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ANTISOCIAL PERSONALITY
antisocial personality disorder typically have no regard for right and wrong.
They may often violate the law and the rights of others, landing in frequent trouble or conflict.
They may lie, behave violently, and have drug and alcohol problems.
May not be able to fulfill responsibilities to family, work or school.
ntisocial personality disorder is sometimes known as sociopathic personality disorder

  • Disregard for right and wrong
  • Persistent lying or deceit
  • Using charm or wit to manipulate others
  • Recurring difficulties with the law
  • Repeatedly violating the rights of others
  • Child abuse or neglect
  • Intimidation of others
  • Aggressive or violent behavior
  • Lack of remorse about harming others
  • Impulsive behavior
  • Agitation
  • Poor or abusive relationships
  • Irresponsible work behavior

TREATMENT:

Antisocial personality disorder is notoriously difficult to treat. People with this disorder may not even want treatment or think they need treatment.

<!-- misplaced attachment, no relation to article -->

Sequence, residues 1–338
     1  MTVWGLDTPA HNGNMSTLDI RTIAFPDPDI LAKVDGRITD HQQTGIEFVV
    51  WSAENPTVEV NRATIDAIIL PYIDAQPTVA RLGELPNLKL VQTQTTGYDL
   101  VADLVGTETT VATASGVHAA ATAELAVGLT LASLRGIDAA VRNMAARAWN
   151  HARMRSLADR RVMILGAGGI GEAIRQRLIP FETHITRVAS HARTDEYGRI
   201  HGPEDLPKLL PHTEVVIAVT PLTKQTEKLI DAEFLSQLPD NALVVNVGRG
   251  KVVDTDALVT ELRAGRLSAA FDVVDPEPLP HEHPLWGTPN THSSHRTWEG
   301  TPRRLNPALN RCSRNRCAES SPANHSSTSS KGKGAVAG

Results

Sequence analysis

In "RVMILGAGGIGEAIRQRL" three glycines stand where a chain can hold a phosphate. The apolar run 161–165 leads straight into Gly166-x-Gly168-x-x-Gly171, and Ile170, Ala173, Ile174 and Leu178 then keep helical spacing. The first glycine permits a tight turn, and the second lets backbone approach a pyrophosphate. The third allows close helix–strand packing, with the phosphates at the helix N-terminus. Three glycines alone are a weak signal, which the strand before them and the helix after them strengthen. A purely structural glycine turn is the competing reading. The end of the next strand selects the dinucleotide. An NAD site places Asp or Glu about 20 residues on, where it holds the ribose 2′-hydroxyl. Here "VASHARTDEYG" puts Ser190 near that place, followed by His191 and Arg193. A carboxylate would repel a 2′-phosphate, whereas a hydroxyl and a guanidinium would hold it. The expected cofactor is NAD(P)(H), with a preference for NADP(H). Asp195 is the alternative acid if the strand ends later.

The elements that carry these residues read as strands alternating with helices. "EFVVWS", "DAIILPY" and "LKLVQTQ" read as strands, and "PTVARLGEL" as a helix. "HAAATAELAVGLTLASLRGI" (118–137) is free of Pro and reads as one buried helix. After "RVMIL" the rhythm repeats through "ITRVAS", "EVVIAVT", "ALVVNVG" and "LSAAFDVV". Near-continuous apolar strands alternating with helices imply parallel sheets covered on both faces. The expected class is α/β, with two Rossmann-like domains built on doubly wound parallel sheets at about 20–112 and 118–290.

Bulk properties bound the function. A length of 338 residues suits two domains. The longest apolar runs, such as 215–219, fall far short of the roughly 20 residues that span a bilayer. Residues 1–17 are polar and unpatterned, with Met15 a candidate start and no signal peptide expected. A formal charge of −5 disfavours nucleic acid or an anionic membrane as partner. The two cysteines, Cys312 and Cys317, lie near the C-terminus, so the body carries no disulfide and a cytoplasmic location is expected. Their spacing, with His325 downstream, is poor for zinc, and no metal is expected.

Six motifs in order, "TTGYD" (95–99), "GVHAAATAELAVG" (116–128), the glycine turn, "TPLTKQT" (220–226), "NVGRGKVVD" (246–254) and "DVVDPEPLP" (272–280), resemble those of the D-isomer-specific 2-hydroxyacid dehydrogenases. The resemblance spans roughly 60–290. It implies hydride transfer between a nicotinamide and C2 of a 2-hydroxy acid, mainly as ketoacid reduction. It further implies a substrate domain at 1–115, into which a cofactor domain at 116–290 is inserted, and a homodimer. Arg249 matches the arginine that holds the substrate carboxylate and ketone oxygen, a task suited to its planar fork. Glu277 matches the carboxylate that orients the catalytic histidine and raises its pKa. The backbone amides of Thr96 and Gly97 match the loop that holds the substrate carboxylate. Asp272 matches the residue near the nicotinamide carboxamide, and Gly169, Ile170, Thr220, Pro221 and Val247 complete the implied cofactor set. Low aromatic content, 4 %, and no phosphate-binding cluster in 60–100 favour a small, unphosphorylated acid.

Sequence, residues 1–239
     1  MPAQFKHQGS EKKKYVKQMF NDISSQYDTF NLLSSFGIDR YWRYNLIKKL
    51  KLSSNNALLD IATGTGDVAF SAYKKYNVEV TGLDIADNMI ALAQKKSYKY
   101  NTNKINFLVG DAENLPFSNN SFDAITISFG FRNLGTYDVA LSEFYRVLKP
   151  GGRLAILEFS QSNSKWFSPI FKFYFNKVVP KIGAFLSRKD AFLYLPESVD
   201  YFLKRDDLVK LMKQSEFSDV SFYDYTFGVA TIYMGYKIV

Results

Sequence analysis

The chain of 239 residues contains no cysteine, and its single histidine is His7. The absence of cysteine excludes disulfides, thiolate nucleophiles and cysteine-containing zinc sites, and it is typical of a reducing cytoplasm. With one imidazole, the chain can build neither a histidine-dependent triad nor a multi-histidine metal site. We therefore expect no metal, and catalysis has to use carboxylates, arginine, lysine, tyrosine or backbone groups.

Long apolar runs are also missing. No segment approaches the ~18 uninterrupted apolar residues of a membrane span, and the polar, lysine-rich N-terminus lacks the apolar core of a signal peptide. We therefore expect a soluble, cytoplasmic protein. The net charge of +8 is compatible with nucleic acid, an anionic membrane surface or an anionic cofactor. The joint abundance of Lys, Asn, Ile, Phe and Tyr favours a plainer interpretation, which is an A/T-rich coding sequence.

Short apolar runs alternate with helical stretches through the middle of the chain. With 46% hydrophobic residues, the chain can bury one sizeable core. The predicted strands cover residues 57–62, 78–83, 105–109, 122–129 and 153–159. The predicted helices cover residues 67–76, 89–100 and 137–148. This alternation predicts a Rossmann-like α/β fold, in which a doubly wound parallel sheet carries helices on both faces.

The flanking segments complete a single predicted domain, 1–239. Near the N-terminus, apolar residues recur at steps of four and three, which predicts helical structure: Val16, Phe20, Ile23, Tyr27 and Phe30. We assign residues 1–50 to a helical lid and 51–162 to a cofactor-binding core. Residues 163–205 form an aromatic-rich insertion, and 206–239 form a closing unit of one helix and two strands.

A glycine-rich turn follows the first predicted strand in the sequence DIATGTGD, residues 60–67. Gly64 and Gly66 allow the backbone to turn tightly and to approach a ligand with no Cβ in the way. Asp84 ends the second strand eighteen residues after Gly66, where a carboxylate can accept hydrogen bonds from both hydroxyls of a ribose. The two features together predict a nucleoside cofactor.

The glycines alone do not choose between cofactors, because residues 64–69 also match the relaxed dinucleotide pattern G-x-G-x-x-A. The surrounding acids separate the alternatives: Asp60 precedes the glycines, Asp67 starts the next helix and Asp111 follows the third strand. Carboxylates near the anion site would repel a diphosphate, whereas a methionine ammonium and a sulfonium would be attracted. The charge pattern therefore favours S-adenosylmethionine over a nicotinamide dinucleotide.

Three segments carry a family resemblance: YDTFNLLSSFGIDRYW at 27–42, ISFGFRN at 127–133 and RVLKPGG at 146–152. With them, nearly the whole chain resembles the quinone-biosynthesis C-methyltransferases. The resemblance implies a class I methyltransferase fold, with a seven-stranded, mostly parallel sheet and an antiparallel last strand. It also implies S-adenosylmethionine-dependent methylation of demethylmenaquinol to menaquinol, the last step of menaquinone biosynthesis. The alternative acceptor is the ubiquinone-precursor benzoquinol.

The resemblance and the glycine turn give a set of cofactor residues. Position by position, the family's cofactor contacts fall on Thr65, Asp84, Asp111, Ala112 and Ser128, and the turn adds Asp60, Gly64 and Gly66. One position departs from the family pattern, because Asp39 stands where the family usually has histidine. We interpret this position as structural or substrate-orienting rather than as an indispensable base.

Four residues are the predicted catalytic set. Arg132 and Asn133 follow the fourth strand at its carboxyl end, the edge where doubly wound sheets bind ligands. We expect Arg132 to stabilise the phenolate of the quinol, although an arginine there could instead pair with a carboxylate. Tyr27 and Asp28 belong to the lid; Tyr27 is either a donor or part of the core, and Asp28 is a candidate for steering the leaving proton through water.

TREATMENT OPTIONS:

  • Psychotherapy
  • Stress and anger management skills
  • Medications
  • Hospitalization

The best treatment or combination of treatments depends on each person’s particular situation and severity of symptoms.

Psychotherapy

Psychotherapy is the main way to treat antisocial personality disorder. Psychotherapy is a general term for the process of treating a condition by talking about it with a mental health provider.
Types of psychotherapy used to treat antisocial personality disorder may include:

  • Cognitive behavioral therapy. This type of therapy helps to uncover unhealthy, negative beliefs and behaviors and replace them with healthy, positive ones.
  • Psychodynamic psychotherapy. This approach aims to raise awareness of unconscious thoughts and behaviors and — by bringing them to light — change their negative impact.
  • Psychoeducation. This education-based therapy teaches about all aspects of a condition, including treatments, coping strategies and problem-solving skills.

Medications

  • Antidepressant medications. Antidepressants may help improve depressed mood, anger, impulsivity, irritability or hopelessness.
  • Mood-stabilizing medications. As their name suggests, mood stabilizers can help even out mood swings or reduce irritability, impulsivity and aggression.
  • Anti-anxiety medications. These may help with anxiety, agitation or insomnia. But in some cases, they can increase impulsive behavior.
  • Antipsychotic medications. Also called neuroleptics, these may be helpful if symptoms include losing touch with reality (psychosis) or, in some cases, anxiety or anger problems are present.

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